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A pennon or pennant is one of the principal varieties of flags carried during the Middle Ages. Pennoncells and streamers or pendants are considered as minor varieties of this style of flag. The pennon is a flag resembling the guidon in shape, but only half the size. It does not contain any coat of arms, but only crest, mottos and heraldic and ornamental devices.

Pennon comes from the Latin penna meaning "a wing" or "a feather". It was sometimes pointed, but more generally forked or swallow-tailed at the end. In the 11th century, the pennon was generally square, one end being decorated with the addition of pointed tongues or streamers, somewhat similar to the oriflamme. During the reign of Henry III, the pennon acquired the distinctive swallow-tail, or the single-pointed shape. Another version of the single-pointed pennon was introduced in the 13th century. In shape this was a scalene triangle, obtained by cutting diagonally the vertically oblong banner.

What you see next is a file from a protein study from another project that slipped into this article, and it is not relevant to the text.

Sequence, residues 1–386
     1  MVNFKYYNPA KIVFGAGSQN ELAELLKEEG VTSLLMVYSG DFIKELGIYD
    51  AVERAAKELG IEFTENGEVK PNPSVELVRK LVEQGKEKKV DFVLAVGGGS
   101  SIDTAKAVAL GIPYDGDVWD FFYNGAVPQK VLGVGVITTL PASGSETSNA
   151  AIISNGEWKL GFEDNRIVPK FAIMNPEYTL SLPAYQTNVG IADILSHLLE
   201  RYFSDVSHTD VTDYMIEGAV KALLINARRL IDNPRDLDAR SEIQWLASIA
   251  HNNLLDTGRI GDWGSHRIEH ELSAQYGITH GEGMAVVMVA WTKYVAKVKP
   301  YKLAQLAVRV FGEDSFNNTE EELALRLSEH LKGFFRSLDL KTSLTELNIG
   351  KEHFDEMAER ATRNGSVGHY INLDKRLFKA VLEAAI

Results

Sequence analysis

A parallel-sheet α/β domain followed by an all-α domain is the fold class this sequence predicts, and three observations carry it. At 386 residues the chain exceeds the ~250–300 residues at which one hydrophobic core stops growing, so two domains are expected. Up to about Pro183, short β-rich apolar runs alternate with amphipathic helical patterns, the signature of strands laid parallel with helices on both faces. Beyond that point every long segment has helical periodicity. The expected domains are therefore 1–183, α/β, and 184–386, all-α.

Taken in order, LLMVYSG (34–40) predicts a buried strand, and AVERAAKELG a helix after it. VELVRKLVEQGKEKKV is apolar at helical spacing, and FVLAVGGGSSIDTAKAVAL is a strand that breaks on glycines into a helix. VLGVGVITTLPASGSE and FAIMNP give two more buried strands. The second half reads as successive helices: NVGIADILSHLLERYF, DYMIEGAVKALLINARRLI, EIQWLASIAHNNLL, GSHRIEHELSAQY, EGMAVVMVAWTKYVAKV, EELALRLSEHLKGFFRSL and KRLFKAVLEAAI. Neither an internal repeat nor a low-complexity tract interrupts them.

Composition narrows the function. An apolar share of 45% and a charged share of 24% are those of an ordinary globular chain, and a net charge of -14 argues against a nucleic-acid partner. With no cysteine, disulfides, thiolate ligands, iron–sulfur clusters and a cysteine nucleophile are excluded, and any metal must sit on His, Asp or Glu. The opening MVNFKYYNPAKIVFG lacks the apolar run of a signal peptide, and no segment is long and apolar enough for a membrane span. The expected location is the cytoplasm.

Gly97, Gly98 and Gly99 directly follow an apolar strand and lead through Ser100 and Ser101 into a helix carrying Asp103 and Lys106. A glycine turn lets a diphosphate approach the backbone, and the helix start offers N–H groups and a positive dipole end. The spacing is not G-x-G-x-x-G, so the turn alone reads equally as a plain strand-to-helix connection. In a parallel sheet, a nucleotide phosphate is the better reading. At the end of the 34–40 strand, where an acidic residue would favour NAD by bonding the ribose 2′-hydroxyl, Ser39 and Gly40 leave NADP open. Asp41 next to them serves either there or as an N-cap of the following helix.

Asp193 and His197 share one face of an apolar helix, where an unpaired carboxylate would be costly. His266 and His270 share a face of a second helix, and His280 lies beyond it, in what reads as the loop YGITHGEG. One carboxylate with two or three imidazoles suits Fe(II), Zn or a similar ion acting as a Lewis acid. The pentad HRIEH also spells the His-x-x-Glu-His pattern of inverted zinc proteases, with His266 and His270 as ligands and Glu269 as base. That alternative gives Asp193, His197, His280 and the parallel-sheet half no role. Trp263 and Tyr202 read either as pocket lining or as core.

The pennon was a purely personal ensign. It was essentially the flag of the knight bachelor, as apart from the knight banneret, carried by him on his lance, displaying his personal armorial bearings, and set out so that they stood in correct position when he couched his lance for charging. A manuscript of the 16th century (Hari. 2358) in the British Museum, which gives detailed particulars as to the size, shape and bearings of the standards, banners, pennons and pennoncells, says "a pennon must be two...
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